Elsevier

SCI-HUB AS CRIMINAL: A PUBLISHER’S VIEW

My previous posting explored the phenomenon of Sci-Hub, a site dedicated to providing free access to more than 50 million academic papers without regard to their ownership status or to copyright laws. This post looks at the legal issues involved, in contrast to the previous post’s articulation of the argument for open access.

Sci-Hub

Sci-Hub: Research Crusader or Copyright Criminal?

Sci-Hub is an online repository of over 51,000,000 scientific academic papers and articles, available through its website. New papers are uploaded daily after accessing them through educational institutions. Founded by Alexandra Elbakyan from Kazakhstan in 2011, it began as a reaction to the high cost of research papers behind paywalls, typically US$30 each when bought on a per-paper basis. Academic publisher Elsevier has in 2015 filed a legal complaint in New York City alleging copyright infringement by Sci-Hub.

You need to see what I checked out? Well, as long as we're besties

Thinking Like Others

On just a normal day at work, recently, a young boy came up to me to inquire about the next book in a series. We had the item, but it was currently checked out. I asked for his card and put the item on hold for him. Everything was normal, and then, just as he was leaving, he asked if he could see who had the item checked out.

670px-Australia_stub.svg

In the news: Australia

There is an interesting situation developing in Australia with potential to directly affect Australian authors, publishing, and readers. The Australian government is looking to possibly repeal the ‘parallel importation restrictions’. The PIRs are part of the country’s Copyright Act and prohibit imports by booksellers when an Australian publisher has acquired exclusive rights and publishes the title within 30 days of original overseas publication.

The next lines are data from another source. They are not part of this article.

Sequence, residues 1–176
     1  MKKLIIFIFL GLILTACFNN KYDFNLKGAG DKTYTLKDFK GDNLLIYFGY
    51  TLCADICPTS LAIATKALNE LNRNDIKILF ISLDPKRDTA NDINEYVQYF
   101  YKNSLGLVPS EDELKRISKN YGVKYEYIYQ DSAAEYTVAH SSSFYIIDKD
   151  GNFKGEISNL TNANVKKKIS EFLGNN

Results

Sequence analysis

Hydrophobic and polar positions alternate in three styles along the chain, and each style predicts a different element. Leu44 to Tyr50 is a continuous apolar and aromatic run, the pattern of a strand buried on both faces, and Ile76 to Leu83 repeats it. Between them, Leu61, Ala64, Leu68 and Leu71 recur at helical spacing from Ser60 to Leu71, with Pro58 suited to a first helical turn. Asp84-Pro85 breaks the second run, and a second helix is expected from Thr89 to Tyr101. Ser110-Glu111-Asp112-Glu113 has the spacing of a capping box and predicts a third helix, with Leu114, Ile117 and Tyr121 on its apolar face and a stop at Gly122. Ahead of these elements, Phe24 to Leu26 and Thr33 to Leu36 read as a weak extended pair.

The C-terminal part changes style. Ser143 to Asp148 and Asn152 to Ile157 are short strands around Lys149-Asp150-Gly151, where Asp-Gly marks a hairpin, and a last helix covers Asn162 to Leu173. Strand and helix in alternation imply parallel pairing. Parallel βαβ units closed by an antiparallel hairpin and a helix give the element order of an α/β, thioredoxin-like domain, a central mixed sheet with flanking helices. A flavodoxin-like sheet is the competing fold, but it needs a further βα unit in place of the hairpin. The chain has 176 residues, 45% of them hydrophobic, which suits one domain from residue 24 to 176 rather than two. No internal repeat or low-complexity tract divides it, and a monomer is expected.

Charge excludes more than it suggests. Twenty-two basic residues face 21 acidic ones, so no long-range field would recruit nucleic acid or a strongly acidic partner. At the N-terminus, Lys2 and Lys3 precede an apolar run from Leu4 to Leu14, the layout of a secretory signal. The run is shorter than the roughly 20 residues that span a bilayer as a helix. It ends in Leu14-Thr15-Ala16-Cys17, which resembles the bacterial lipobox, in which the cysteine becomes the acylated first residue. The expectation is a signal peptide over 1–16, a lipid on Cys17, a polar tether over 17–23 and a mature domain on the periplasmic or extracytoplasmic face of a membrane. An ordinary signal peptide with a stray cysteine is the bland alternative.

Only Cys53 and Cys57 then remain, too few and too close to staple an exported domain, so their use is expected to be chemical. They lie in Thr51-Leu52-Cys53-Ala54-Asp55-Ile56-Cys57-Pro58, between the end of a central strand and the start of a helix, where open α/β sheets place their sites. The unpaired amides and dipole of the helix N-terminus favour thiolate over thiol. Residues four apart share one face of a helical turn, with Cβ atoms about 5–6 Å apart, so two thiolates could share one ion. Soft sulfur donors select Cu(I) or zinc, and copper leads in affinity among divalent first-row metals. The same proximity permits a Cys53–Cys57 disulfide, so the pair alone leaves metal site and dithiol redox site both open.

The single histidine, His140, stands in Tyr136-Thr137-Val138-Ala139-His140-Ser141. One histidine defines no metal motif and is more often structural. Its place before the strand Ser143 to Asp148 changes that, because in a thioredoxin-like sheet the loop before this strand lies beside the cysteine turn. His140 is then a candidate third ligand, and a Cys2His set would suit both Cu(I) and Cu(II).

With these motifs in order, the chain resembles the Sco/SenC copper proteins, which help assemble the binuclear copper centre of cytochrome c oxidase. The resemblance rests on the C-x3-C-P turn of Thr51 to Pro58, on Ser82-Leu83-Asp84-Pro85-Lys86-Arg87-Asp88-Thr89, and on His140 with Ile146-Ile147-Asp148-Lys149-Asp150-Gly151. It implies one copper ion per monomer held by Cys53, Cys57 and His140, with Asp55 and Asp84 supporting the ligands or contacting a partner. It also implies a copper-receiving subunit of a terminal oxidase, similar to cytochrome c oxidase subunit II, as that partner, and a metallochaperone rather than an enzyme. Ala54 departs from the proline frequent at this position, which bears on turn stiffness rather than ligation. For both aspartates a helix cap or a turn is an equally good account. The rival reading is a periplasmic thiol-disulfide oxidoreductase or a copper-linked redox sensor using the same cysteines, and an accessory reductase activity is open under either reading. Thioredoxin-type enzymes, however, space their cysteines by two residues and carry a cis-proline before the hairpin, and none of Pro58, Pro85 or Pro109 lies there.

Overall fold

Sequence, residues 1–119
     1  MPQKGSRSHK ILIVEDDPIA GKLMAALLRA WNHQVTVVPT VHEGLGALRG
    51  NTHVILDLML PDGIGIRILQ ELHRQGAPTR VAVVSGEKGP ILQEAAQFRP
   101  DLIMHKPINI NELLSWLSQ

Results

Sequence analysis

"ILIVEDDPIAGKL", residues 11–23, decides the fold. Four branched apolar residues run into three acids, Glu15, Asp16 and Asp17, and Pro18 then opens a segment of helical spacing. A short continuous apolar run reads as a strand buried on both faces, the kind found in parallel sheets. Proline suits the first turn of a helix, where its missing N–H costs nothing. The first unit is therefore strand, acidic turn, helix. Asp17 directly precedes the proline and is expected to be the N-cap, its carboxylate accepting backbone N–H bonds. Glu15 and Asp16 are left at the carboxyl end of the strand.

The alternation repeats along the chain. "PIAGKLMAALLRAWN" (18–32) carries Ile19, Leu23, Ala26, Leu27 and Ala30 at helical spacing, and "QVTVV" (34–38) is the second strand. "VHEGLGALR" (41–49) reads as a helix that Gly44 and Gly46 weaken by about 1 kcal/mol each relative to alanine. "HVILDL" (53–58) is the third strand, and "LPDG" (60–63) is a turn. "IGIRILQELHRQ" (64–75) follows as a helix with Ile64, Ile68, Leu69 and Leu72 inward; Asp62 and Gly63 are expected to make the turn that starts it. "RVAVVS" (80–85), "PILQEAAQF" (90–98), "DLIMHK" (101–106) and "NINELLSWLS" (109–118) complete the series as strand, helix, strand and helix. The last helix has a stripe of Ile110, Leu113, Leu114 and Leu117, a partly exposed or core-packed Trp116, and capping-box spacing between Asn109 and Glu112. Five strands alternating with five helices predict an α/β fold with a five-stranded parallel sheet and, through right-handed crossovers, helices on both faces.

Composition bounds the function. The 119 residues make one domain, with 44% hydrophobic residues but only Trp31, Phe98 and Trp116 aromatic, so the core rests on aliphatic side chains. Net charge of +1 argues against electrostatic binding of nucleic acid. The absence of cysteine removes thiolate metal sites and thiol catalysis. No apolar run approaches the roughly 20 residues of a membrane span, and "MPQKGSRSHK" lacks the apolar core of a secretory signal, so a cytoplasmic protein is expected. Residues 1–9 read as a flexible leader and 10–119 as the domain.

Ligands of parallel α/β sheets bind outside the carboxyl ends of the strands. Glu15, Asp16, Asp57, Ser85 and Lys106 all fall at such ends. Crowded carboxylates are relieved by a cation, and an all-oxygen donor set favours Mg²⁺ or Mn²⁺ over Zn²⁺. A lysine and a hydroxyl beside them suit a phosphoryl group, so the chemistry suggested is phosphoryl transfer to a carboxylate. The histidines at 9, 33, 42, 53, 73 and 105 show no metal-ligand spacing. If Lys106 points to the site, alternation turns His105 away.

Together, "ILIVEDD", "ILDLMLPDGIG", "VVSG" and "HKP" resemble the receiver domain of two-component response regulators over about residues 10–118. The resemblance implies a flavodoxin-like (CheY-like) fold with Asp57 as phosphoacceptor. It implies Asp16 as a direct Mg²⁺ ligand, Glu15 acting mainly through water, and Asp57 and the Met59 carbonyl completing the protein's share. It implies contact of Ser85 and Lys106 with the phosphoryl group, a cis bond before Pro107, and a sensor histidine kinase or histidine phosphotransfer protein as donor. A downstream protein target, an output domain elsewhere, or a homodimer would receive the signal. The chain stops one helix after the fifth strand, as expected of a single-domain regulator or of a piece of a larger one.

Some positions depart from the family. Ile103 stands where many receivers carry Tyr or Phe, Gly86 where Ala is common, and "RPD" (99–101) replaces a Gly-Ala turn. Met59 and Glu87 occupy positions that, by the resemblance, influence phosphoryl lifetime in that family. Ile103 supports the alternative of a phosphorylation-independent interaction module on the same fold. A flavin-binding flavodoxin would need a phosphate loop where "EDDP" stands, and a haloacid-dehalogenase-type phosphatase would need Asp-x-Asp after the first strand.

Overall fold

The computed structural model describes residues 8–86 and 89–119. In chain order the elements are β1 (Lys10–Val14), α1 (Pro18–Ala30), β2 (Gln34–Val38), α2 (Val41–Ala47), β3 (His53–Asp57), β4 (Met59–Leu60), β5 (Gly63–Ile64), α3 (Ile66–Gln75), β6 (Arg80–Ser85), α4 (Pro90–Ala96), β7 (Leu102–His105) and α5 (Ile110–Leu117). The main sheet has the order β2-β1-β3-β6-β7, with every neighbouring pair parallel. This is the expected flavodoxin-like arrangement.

Vote

Keeping the Peace: Children and the 2016 Election

With each new week of the 2016 Presidential election, the competition has been getting more and more intense, and even the most civil candidates have begun slinging mud at each other. Riots from some candidate’s rallies have gotten ugly, with real life disputes finding their way to children’s classrooms. Even if children can’t vote, they are still being influenced by the political climate. This election is teaching one thing, hate is acceptable.

Electronic Frontier Foundation

Electronic Frontier Foundation

This week I’m writing about non-library intellectual freedom advocates. Groups that can help in the fight, or even lead the fight, for intellectual freedom. The Electronic Frontier Foundation is one of the most important civil liberties organizations around. Their motto is, “Defending Your Rights In The Digital World.” I want you to read the first paragraph from their about page and try to tell me that they are not kindred spirits!